Standard Chartered Plc (STAN) plans to increase takeover financing for Indian companies as it seeks to gain ground in mergers advisory in emerging markets on rivals weakened by Europe’s credit crisis.
“As the world goes through this turmoil, banks like ours which do have the capability and a strong balance sheet see that as an opportunity,” to lend for acquisitions, Neeraj Swaroop, the U.K. bank’s outgoing chief executive officer for India and South Asia, said in an interview in Mumbai yesterday.
Standard Chartered funded deals including Aditya Birla Group’s $875 million acquisition of Columbian Chemicals Co. in January to help defend its No. 3 position in Indian mergers advisory this year, data compiled by Bloomberg show. The London- based bank ranks 43rd globally among arrangers of takeovers.
Banks that offer financing to gain advisory credit distort the rankings among takeover arrangers, said Uday Kotak, the billionaire owner of rival Kotak Mahindra Bank Ltd. (KMB) Kotak did not specifically name Standard Chartered. The Mumbai-based firm, which is 21st in arranging mergers involving Indian companies this year, runs financing operations independently of advisory, he said.
“An advisory league table is about what value has been added by a banker and you don’t mix it with financing,” Kotak said in an interview in Mumbai on Dec. 12.
The value of mergers involving Indian companies has slumped 42 percent this year to $37.4 billion, according to Bloomberg data. Inbound purchases are outpacing acquisitions abroad for the first time in at least a decade, the data show.
Barclays Plc, State Bank of India (SBIN) and Standard Chartered advised on, and were among the financiers for, New Delhi based Bharti Airtel Ltd.’s $9 billion acquisition of Kuwait’s Mobile Telecommunications Co.’s African operations.
Standard Chartered wants to offer a “whole solution” to clients in India, including domestic and offshore financing, advisory, and transaction banking, Swaroop said. The bank assesses the overall return on capital it can achieve on each client when deciding whether to extend takeover loans, he said.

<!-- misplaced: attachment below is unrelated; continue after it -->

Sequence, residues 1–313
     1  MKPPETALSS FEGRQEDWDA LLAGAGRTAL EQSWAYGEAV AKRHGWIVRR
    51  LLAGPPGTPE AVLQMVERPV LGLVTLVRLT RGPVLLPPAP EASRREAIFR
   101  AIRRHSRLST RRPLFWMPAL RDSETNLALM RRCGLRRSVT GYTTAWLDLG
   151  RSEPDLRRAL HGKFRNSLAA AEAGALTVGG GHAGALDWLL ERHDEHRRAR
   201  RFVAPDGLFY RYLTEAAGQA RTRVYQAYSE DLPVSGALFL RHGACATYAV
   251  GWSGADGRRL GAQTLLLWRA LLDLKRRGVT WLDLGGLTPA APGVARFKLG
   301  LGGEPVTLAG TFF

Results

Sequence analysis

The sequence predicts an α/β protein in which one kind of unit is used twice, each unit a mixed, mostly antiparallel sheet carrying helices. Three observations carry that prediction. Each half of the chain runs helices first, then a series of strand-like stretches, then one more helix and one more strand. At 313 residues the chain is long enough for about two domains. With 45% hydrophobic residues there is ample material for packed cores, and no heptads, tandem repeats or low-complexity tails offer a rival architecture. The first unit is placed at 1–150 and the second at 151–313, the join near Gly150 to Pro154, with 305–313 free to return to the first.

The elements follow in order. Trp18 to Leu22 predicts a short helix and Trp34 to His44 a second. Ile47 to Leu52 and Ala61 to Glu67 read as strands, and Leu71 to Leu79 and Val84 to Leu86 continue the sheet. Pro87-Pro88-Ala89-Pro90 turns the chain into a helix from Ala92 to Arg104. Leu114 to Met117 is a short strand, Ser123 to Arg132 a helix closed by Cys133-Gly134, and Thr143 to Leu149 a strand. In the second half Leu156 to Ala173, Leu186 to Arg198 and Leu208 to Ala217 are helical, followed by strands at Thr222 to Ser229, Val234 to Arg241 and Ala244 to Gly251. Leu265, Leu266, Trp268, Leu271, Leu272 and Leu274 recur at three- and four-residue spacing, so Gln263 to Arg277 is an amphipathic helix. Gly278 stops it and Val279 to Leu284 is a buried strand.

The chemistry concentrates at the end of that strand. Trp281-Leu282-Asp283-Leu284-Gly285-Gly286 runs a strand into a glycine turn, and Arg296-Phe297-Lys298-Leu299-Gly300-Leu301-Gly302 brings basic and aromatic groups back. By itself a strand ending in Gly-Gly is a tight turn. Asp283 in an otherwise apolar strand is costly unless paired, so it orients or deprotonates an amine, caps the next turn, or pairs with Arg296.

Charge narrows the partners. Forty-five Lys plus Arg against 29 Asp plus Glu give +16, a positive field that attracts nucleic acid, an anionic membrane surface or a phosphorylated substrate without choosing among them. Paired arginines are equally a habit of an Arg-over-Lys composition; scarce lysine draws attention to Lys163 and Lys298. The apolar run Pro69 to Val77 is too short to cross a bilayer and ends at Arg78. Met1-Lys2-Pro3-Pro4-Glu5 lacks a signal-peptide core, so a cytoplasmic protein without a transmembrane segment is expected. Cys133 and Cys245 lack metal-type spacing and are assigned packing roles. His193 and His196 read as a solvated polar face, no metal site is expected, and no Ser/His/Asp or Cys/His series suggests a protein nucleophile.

Swaroop, who joined Standard Chartered as India CEO from domestic rival HDFC Bank Ltd. (HDFCB) in 2005, will move to Singapore next year to run the company’s Southeast Asian operations.
Standard Chartered got over 70 percent of its pretax profit from Asia last year, as CEO Peter Sands expanded in emerging markets while European rivals sought to fend off contagion from the sovereign debt crisis. It is the largest foreign bank in India by number of branches, and the country was Standard Chartered’s third-largest profit generator in the first half, behind Hong Kong and Singapore.
The bank’s profit in India before taxes for the first half of 2011 fell 39 percent to $378 million, amid increased competition and rising interest rates in India, Bloomberg data show. Swaroop said he expects earnings to rise in 2012 as profits increase at the wholesale bank.
Standard Chartered bolstered its position in India with acquisitions, including the purchase of the South Asian and Middle Eastern operations of Melbourne-based ANZ Grindlays Bank Ltd., in 2000, which made it the biggest foreign lender in India, Pakistan, Sri Lanka and Bangladesh. It bought the banking unit of American Express Co. for about $860 million in 2007, adding branch licenses in markets including India and Taiwan.
Standard Chartered, the only foreign company to list (STAN) its shares in India, had 1.06 trillion rupees ($19 billion) of assets in India as of March 31. Swaroop said the company plans to add “a few hundred people” at its local consumer and wholesale banking operations next year.
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